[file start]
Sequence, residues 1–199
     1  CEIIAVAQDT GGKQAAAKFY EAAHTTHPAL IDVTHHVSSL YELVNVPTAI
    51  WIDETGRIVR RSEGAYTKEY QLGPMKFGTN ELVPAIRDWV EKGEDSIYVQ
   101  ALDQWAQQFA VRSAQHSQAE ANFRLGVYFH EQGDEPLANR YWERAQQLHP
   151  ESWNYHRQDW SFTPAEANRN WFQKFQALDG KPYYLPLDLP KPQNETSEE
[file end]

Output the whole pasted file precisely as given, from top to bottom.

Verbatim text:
Sequence, residues 1–199
     1  CEIIAVAQDT GGKQAAAKFY EAAHTTHPAL IDVTHHVSSL YELVNVPTAI
    51  WIDETGRIVR RSEGAYTKEY QLGPMKFGTN ELVPAIRDWV EKGEDSIYVQ
   101  ALDQWAQQFA VRSAQHSQAE ANFRLGVYFH EQGDEPLANR YWERAQQLHP
   151  ESWNYHRQDW SFTPAEANRN WFQKFQALDG KPYYLPLDLP KPQNETSEE